Is Alejandro Bedoya "worth it?" Recent U.S. players' moves to MLS suggest so
When Alejandro Bedoya signed with the Philadelphia Union last week, the reaction to the financial details was wide-ranging. Some viewed the $1 million transfer fee and $1 million annual salary as a steal for a two-way player who has become a U.S. national team mainstay. Others thought Philadelphia (and, by extension, the league) had paid too much for a 29-year-old midfielder who hasn't been a prolific goal scorer during his career.
Such difference of opinion is usually an indication that the deal was fair, but it also made for an interesting comparison to other U.S. internationals who have come to MLS after spending considerable time in Europe.
Over the past three years, some of the biggest names on the U.S. national team have made precisely that move. Clint Dempsey opened the tap back in 2013 when he moved from Tottenham Hotspur to the Seattle Sounders. Michael Bradley, Jozy Altidore, Jermaine Jones and Tim Howard have since signed with MLS teams, as have others. Along the way, MLS has shelled out some hefty sums for these players either in transfer fees, salaries or both.
Back in 2013, the Dempsey deal involved a reported $9 million transfer fee, and while the salary numbers published by the MLS Players Union have some wiggle room, they do show that Dempsey has so far averaged over $5.2 million in annual compensation. Bradley has earned $6.5 million per year while garnering a transfer fee of $10m for his 2014 transfer from AS Roma.
Lately, the cost required to bring U.S. players to MLS seems to be lessening, though each deal has its own unique set of circumstances, and those moving parts impact any assessment of value both on and off the field. There's the age of the player and his position on the field, of course, as well as his off-field impact in terms of marketing, jersey sales and more. And does one consider just the player's salary cap hit of $457,500 for Designated Players, or the total cash outlay instead?
Out of the U.S. internationals to move to MLS in the past three years, Dempsey has provided the highest level of return. While the Sounders have failed to win an MLS Cup, they have claimed two trophies during his time there. And while reports surfaced that Dempsey had fallen out with now-former manager Sigi Schmid, the forward has done his part on the field, scoring 35 goals in 74 league and playoff appearances. He has also been at or near the top in terms of jersey sales for the past three seasons, thus adding to the club's bottom line.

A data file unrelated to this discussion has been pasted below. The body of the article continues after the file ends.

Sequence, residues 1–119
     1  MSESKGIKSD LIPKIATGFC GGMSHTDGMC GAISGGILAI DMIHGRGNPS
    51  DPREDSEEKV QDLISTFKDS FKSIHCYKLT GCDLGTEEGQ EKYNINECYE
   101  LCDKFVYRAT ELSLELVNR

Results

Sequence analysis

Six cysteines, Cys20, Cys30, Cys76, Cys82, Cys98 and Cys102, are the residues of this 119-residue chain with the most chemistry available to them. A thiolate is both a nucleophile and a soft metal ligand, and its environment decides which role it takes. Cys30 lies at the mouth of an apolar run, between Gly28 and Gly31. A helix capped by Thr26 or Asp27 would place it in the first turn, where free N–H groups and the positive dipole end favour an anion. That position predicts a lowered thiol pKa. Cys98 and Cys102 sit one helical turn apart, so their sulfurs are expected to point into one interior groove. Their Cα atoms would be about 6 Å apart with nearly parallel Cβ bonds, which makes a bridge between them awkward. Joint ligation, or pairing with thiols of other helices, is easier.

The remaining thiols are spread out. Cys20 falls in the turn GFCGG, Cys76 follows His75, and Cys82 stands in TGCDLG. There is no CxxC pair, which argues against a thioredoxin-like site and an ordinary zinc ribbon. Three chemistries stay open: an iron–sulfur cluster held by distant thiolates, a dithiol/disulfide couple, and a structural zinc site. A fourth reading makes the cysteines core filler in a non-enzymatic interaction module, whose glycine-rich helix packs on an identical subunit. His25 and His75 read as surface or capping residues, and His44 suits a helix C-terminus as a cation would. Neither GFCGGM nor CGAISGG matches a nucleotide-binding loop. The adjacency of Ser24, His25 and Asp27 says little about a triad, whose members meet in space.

A case can be made that Jones has provided good value as well, especially after seeing his salary reduced from $3.05m in 2015 to $650,000 this year. Though injuries have limited his playing time over nearly three MLS seasons, his presence on the field has proved immense; his teams have gone a combined 24-7-11 during that span.
Jones' Colorado teammate, Tim Howard, has been mostly impressive since arriving in July, but it's still too early to tell if he'll be able to justify his $2.57m salary. That said, his signing helped drive a three-year extension of Colorado's jersey sponsorship agreement with Transamerica.
Altidore, meanwhile, has yet to fully justify the cost of his 2015 transfer from Sunderland. Hamstring injuries have limited his time on the field, though he's actually logged more minutes over the last two seasons than Jones. The difference is that Jones arrived on a free transfer while Altidore cost around $10m in a cash-plus-swap deal for Jermain Defoe. That said, when he's been on the field, Altidore has been effective, tallying 15 goals in 37 appearances. His holdup play this year has been impressive as well. If Altidore can stay healthy, he may yet fulfill the high expectations that accompanied his move.
Bradley's value might be the toughest to quantify. Toronto FC have without question been better since his arrival, though Sebastian Giovinco's presence has been a bigger factor. Bradley has also been more effective since adopting more of a deep-lying role earlier this year. But is $6.5m per year really what should be spent on a holding midfielder?
The amount seems steep, though timing did play a part in the outlay; MLS had to overpay in order to entice him and Dempsey to return to North America. If TFC can make a deep playoff run with Bradley orchestrating things from deep, it's doubtful any Toronto fans will begrudge him for his salary.
That still leaves Dempsey atop the "value-meter" of returning U.S. internationals, yet there is an unheralded player, relatively speaking, who is challenging his position: New York Red Bulls midfielder Sacha Kljestan.
When the former Anderlecht midfielder arrived prior to the 2015 campaign, he was looked upon as nothing more than a solid addition, even as his national team prospects evaporated. But Kljestan is in the midst of his second straight impressive season with the Red Bulls, with his five goals and a league-leading 13 assists seeing him creep into MVP conversations. Such performances stand in stark contrast to another midfielder playing in New York, NYC FC's Mix Diskerud, whose career looks to be in limbo due in no small part to his annual salary of just over $750,000.
While Kljestan's transfer fee to Anderlecht remains undisclosed, his salary is costing the Red Bulls a relatively modest $687,500 per year. That counts as a fine bit of business by GM Ali Curtis.
As for Bedoya, it remains to be seen precisely what role he'll play in manager Jim Curtin's lineup. But Union fans will gladly take anything approaching Kljestan's numbers. If that's the case, there will be no argument as to whether Bedoya has been worth the money.
Jeff Carlisle covers MLS and the U.S. national team for ESPN FC. Follow him on Twitter @JeffreyCarlisle.